Snake skin and saving memory. Barbara Kowalewska writes about ‘White Snake’
Among all animated films presented at the Festival, one of the most interesting ones is the Chinese ‘White Snake’ addressed to young viewers. For Europeans, the production will be attractive and challenging at the same time, since it’s based on many Far Eastern spiritual symbols and thus not easily interpretable. However, I see this film as a great adventure – you don’t have to know everything you see in it or overthink too much, you just have to open up to the symbols of another culture and let the associations flow. It may be a more accurate attitude when watching this image.
The World of Collective Imagination
The plot is inspired by The Legend of the White Snake (there are many versions of it) and takes place in a mythical land where the evil General uses the energy of demon snakes in search of immortality. Xuan, a young boy from the Snake Catcher Village, and Blanka, a snake-woman, are the main characters in the story. People are afraid of snakes, and demons, in turn, claim that people are traitors and thieves. There are complicated relationships binding Xuan and Blanka together, since she turns into a half-human, half-snake in moments of strong emotions. The film is filled not only with Chinese, but Japanese mythological motifs in which a snake is often identified with negative emotions felt by women, mainly those seeking revenge. However, Blanka is a white snake, and, in Japanese legends, white snakes are a symbol of prosperity and luck. This bipolar symbolism is the driving force behind the story. Xuan, a gentle character full of compassion, tries to defeat the demonic side of Blanka’s nature by asking about the origins of her demonic anger, and warming up her freezing, half-snake body with his own heat. Of course, he does this because he’s fallen in love with her. As the action develops, other elements of the Far East culture appear: Book of Changes, the Eight Gates of Seoul and the yin and yang symbolizing to opposing but complementary forces.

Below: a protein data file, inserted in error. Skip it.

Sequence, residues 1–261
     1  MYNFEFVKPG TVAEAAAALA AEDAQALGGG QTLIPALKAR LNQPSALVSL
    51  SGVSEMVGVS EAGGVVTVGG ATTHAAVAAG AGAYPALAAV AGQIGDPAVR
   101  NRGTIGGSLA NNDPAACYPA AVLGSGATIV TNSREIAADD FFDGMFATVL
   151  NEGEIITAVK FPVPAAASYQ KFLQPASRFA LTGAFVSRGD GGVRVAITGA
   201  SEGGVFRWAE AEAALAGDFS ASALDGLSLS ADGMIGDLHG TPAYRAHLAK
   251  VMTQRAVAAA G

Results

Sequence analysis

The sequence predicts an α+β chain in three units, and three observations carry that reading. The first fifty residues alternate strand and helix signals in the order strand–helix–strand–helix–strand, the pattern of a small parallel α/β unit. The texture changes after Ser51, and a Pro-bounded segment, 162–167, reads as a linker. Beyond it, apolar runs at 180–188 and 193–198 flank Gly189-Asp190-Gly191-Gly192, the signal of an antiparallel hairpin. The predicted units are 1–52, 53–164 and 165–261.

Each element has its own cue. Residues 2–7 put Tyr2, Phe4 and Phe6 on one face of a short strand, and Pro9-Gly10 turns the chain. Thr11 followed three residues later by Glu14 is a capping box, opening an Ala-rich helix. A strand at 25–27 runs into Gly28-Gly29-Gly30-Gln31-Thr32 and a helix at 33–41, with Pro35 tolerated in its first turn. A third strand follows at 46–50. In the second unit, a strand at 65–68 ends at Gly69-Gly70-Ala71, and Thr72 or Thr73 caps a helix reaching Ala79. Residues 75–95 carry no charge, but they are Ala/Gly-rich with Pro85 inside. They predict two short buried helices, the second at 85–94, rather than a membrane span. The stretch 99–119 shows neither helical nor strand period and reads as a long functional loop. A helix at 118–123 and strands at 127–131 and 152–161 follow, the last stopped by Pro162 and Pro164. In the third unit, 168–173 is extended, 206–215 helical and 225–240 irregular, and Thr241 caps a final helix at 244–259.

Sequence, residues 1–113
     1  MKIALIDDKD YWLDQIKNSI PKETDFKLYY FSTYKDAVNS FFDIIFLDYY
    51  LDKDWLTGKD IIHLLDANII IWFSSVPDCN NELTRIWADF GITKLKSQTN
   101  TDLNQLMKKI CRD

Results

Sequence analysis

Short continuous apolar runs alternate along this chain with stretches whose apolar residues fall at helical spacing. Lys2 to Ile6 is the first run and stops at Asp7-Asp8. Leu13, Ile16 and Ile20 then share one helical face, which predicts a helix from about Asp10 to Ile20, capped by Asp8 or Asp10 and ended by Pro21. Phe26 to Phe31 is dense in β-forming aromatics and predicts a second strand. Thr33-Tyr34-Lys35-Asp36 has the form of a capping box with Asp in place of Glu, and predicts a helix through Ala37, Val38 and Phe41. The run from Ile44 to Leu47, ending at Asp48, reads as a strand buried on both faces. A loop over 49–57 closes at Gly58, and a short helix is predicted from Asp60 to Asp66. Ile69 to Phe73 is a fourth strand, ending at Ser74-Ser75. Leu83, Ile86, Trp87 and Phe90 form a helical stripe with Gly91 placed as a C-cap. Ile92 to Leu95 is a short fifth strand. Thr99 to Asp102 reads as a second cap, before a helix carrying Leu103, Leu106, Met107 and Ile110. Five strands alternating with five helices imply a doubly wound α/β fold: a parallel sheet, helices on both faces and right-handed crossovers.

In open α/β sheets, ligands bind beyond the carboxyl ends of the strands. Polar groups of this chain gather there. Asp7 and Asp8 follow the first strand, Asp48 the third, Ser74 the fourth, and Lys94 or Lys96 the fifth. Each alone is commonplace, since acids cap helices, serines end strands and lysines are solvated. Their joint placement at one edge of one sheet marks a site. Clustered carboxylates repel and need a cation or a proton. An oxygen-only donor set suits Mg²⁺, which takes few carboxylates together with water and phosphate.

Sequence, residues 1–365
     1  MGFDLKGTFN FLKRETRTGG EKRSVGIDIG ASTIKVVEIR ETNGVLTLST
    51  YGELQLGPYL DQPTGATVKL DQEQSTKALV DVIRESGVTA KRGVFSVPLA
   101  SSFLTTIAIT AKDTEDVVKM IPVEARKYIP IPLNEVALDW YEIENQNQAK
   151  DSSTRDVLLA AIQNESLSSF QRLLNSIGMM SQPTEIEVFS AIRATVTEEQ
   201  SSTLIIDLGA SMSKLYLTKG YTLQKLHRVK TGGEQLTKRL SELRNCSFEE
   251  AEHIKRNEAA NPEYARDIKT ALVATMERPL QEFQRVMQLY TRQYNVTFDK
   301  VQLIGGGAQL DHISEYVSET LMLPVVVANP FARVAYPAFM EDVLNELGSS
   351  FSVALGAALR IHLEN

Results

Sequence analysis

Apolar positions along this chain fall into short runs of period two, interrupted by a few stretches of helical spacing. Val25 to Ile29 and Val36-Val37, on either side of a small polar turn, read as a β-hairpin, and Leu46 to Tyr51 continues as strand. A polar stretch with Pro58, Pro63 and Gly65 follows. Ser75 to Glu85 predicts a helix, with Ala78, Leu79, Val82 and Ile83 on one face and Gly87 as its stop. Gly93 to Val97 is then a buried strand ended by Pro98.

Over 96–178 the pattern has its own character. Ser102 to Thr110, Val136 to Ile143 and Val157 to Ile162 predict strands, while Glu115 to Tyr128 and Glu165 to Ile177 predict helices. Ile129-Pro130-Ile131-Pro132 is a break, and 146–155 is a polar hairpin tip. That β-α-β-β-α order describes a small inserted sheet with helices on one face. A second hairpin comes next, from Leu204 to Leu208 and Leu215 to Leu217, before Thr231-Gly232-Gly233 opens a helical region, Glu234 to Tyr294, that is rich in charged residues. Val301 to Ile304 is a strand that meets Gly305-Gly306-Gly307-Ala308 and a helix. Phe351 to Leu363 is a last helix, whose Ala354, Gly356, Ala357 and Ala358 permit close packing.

Jade, Origami and Maple Trees
The animation can appeal to young people through both its storytelling and visual content. The characters are neatly drawn and the background is rich in colour and elements characteristic of Asia: hills lined with red maple trees, cherry blossom flowers dancing in the wind, magical powers embodied in sky lanterns, and the General’s armed forces in paper, origami airplanes. Various computer techniques were used to animate the battle scenes. An interesting part of the story is Xuan’s stay in the Precious Jade Workshop, where an opium-smoking woman turns him – at his request – into a demon, but takes away part of his life energy (nothing comes for free). This is a clear reference to the important Buddhist belief of reincarnation and transmigration of human soul into other life forms. The Precious Jade Workshop is a place of miracles, and the ingenuity and humour of the animation’s authors peak here. It’s worth seeing a film, even if only for this scene.
Memory and Enlightenment
The film is also a story about the memory loss and recovery, the price of which is drifting away from the Buddhist enlightenment, because “a moment of joy costs 500 years”. Blanka, who in the end fails to save Xuan from his mortality, does not want to forget about him and is determined to find him and his soul that survived in the world. Although her sister reminds her that in the process of reincarnation Xuan could’ve already become someone or something else, Blanka keeps missing him, and sees her longing as more important than the desire to reach enlightenment. Without spoiling the ending, I can risk saying that this story is a contemporary revisit of traditional, spiritual symbols and a tribute to memory that makes us human. Here, saving a soul is done differently than in the old books.